Like a lot of movies about dimension hopping barbarians, Gor opens with a scene of professor teaching a college class. The bell rings and the professor - named Tarl Cabot for some reason? - excuses the class for the semester. Then he and his assistant walk out to his car, and as they do so, it becomes clear that Tarl thinks that the two of them are about to start driving to a cabin in the countryside as part of a romantic getaway. (It's been years since I've been in school, but I do remember that most of the teacher-aide relationships I saw were overtly sexual.) Unfortunately, a cool dude drives up in a cool car and as soon as he does Tarl's assistant suddenly spits out what she's been trying to tell Tarl politely: she isn't that interested in dating a bookish girly-man. (I bet this is a common sentiment amongst graduate students, who after all only spend seven years plus years studying in school so they can hopefully than transition to spending another thirty or forty years teaching.) She hops in the other dude's car and the two of them drive off. A frustrated Tarl then drives towards the cabin by himself, only to get into a car accident en route. When he wakes up he's in a fictional land called Gor--

Hold on, Gor, I'mma let you finish, but we aren't even five minutes in and you are already deploying one of the lamest tropes in all of fantasy: the nerd who is secretly a world conquering hero. I hate this trope for two reasons. The first we might call the feminist objection: as soon as Tarl shows up in Gor it's immediately obvious that he's going to prove his assistant to be a blind dummy by using his secret manliness to sweep all of Gor's warrior women off their feet. That's extremely condescending to both groups of women, because it assumes that his assistant is an idiot who doesn't know what she really wants in a mate and because it implies that these Amazons are just sitting around waiting for a mealy-mouthed professor to come by and lead them in battle. But I'm not even going to get too deep into a feminist critique of this movie, because if I did we'd have to spend a lot of time talking about furry bikinis, and I don't have the energy for that right now.

No, I want to focus on the second objection, which is about how the type of wish fulfillment that movies like Gor sell to young men is a really bad for them to hear. If Tarl is a college professor we can assume he's a reasonably bright guy who makes a decent middle class wage in a job with some measure of security, so he shouldn't need to transform himself into a musclebound warrior to find a lover. If his assistant isn't into him, then he should try to find someone who is into him instead of retreating into a fantasy where he magically has all of the qualities that he feels that he lacks. Stories like this end up reaffirming the very stereotypes that make all the Tarls of the world feel self conscious because they suggest that the solution to their problems is to turn themselves into the cool dude in a cool car who keep stealing away "their" women, even though that's obviously not the answer. Gor's sour-grapes opening was a giant red flag that this film was going to be condescending and wrongheaded the whole way through, and indeed, it was.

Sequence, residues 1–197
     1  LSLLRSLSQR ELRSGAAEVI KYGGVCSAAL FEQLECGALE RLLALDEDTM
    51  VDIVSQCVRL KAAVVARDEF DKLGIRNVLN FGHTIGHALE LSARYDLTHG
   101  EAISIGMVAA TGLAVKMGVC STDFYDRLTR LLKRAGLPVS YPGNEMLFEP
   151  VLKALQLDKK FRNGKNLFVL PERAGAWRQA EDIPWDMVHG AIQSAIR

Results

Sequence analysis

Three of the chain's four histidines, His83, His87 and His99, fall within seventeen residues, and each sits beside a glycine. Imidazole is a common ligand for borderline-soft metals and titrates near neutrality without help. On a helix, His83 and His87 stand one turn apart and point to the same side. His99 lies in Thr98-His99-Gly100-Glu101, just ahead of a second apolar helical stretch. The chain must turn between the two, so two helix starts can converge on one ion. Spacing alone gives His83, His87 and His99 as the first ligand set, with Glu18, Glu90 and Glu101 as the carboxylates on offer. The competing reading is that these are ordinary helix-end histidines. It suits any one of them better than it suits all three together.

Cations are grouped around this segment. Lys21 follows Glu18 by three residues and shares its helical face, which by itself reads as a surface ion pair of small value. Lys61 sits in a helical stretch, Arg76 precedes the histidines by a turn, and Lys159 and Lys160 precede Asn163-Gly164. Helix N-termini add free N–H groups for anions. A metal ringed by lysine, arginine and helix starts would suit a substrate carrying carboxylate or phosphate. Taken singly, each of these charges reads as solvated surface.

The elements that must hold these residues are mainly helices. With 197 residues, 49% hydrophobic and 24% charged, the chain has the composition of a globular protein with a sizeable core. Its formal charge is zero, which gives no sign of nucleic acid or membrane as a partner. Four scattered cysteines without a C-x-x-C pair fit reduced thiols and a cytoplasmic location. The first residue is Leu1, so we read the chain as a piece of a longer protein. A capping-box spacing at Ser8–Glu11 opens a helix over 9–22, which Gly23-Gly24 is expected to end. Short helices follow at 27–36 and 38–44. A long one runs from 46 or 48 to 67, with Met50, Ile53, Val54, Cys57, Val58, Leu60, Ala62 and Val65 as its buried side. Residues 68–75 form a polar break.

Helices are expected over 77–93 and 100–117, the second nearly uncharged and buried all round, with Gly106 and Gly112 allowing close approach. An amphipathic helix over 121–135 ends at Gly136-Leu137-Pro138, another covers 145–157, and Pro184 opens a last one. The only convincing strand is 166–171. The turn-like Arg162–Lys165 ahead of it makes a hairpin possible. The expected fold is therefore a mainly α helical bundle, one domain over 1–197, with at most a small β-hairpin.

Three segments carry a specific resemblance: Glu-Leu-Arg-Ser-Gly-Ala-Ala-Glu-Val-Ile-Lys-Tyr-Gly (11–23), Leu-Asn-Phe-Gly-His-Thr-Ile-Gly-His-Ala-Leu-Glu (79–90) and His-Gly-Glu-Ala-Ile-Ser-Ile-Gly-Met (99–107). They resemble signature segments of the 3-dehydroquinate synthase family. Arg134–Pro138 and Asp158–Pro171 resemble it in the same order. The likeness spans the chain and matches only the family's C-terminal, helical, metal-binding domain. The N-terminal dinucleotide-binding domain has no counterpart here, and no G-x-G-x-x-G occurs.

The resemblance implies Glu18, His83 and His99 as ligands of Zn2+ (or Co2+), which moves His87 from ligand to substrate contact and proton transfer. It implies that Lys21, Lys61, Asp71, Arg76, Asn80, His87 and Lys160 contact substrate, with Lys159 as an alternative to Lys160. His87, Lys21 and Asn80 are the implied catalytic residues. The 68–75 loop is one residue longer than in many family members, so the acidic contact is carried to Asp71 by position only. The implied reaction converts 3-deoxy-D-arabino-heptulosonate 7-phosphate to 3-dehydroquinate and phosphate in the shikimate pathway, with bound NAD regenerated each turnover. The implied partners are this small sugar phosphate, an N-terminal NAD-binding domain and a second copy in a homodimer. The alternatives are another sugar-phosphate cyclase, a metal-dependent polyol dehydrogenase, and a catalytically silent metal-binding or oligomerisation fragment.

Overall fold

One of my favorite albums of 2014 was Sky Ferreira's Night Time, My Time, and one of the things I really liked about it was that most of the songs honestly reflect her perspective as a twenty two year old. One of her songs is called "I Blame Myself" and it's about her growing understanding that there is a correlation between her actions and her reputation. I can remember having that exact same realization myself at her age. For a long time, I thought that I was a perfectly reasonable guy and anyone who didn't like me was just a judgmental jerk. Eventually, I started to see how little things like tone of voice could transform a well intentioned statement into an insult, and I started to see how maybe I wasn't the all around nice guy I thought I was. Now that I'm a decade older I've come around to Louis C.K.'s position, which is: you don't get to choose if you're an asshole. Everyone around you gets to choose if you're an asshole, and then you either accept that or you don't.

That's a lesson guys like Tarl need to learn. There are probably a lot of reasons why his assistant blew him off, and I doubt that any of them have anything to do with his inability to decapitate a rival with a sword. Tarl is her superior so his interest in her is inappropriate; he tells her that he wants to go to this cabin and then passively assumes that she wants to do that, too; when she says that isn't what she wants to do, Tarl tries to push her into his position instead of compromising with her; and then when he doesn't get his way he sulks. He's a bad listener and a creep, and going to a magical land where he can use a magic ring to overthrow an evil emperor isn't going to change that. I don't mind wish fulfillment, but this is not wish fulfillment - it's delusion reinforcement.

There is no part of Gor that is well done. The film feels like a second rate knock off of Beastmaster, which is sort of like being a poor man's version of ramen noodles, in that ramen is fine but it's also about as low as you can go before you cross a threshold that should not be crossed. The plot is a lazy hash of cliches about magic stones, evil slave traders and dwarf sidekicks. The only competent actor is the evil warlord Tarl has to fight, but he's hampered by an open chested costume with a huge headdress that undermines his glowering by making him look super goofy. But even if you fixed all that - even if every scene in the desert world of Gor was knock your socks off fantastic - I still would have had a hard time admitting to enjoying this movie because those scenes on Earth were so loathsome. As far as I'm concerned, if the planet Gor wants Tarl as their savior, they can keep him.

Winner: The Cat

Gor on IMDB